“Not much, really. You just put on your big and scaly and come sit at the training fields while we run the horses through their paces. Maybe growl or roar or spit some fire in the air from time to time. The kind of stuff that tends to make a horse go all wild eyed and throw his rider.”
Ember wondered why he would want that, then saw the obvious.
“You want to train your horses to ignore Garagrans,” she said.
“Exactly,” the old man said.
Ember felt pleased.
“I’ll talk to all the Generals and we can get their elite cavalry out here on rotation as well, put all the top units through some proper training so their mounts don’t run away if we ever get another angry Garagran over here. Be a big service for us. Thank you, my lady.”
Ember nodded. It seemed like a singularly odd job, but it definitely was one with a point, and it also didn’t seem like she’d have to do much for it besides sun herself and do a little acting.
“And now let’s get you a proper companion.” the old man motioned for them to follow and lead the way to a high-roofed room where the walls had large niches stuffed with cozy straw nests. Ember scanned the nests and spotted fluffy feathered forms curled up in about a third of them.
The old man stopped in the middle of the room and studied the occupied nests for several kellas before nodding and going to one at about waist height. He reached in and pulled out a kirtak about the size of a modest housecat, with black feathers all over its long body and tail, and brick-red wings and tail-fans. The kirtak yawned with his little fox-face and then looked around, taking in his master holding him and the two women looking at him. Ember watched his tufted ears swivel as they searched the room, and his nose twitch as he took in their smell.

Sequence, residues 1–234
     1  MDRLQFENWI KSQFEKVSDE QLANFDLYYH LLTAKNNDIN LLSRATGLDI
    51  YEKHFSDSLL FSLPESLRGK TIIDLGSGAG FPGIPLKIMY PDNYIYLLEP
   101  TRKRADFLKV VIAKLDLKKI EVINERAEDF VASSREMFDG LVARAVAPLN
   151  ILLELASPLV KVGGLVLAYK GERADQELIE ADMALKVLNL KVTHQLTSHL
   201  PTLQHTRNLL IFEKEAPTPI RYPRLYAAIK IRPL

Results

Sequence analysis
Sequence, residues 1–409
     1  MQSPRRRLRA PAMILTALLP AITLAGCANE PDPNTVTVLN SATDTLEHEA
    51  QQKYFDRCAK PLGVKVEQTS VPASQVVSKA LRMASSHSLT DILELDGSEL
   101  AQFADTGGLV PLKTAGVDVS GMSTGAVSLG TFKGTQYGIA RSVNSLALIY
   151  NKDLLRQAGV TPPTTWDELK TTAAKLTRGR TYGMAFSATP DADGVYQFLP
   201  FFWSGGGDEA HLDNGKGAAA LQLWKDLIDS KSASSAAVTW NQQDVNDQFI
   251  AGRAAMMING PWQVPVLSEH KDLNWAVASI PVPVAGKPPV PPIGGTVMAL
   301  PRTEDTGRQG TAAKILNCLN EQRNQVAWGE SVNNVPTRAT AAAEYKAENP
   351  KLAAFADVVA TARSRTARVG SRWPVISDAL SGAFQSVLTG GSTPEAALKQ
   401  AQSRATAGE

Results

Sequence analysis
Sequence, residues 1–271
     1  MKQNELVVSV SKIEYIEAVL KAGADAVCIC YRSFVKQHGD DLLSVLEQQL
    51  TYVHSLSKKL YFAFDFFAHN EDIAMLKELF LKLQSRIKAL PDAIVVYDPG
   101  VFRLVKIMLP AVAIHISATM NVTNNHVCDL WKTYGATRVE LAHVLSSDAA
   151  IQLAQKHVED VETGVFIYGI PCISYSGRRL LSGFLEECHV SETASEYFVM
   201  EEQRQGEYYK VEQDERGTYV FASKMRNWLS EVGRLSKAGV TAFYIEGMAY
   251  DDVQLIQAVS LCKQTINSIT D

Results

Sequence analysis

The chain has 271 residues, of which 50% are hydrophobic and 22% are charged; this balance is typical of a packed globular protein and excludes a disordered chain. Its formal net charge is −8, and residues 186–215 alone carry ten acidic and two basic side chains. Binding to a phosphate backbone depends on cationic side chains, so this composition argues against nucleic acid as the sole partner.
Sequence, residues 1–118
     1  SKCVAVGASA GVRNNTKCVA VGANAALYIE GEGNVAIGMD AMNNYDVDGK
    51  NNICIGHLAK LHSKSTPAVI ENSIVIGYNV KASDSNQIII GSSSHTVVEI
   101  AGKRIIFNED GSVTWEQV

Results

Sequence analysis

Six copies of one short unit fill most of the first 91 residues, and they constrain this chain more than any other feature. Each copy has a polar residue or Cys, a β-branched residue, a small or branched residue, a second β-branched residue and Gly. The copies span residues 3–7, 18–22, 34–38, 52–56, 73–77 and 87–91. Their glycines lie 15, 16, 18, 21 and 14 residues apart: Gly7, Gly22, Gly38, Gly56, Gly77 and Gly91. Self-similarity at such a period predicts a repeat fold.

“This is Brogo, son of Danlig and Porria, both solid guard kirtaks. His name means ‘big brave’ in our tongue. Brogo! Chik! Chik lon mag!”
The kirtak perked up and looked around the room again with more attention. Mekel held him out to Ember. She stared at the tiny animal warily. It was the first time anyone had ever asked her to hold something small and predatory with sharp claws and teeth.
“Go on, Lady Firrisskahv,” Immi said. “All the Tavarin kirtaks are good critters. He won’t bite someone he’s been told to guard.”
So that’s what the old man had been saying.
She held out her hands and the kirtak sniffed them, then swarmed up her arm and draped himself over her shoulders like he belonged there. Ember tried to look at the warm animal now wrapped around the back of her neck, but it was hard to turn her head that far. All she could see was a black head resting on some paws on her left shoulder and a red-feathered rump on her right.
She looked to Mekel. Somewhere a bell rang.
“Is that it?”
Mekel laughed again.
“Oh no. There’s all sorts of commands I’ll have to teach you. But it’s lunch now. How about you two come with me while I go get something to eat and I’ll teach you the basics once I’m sitting down.”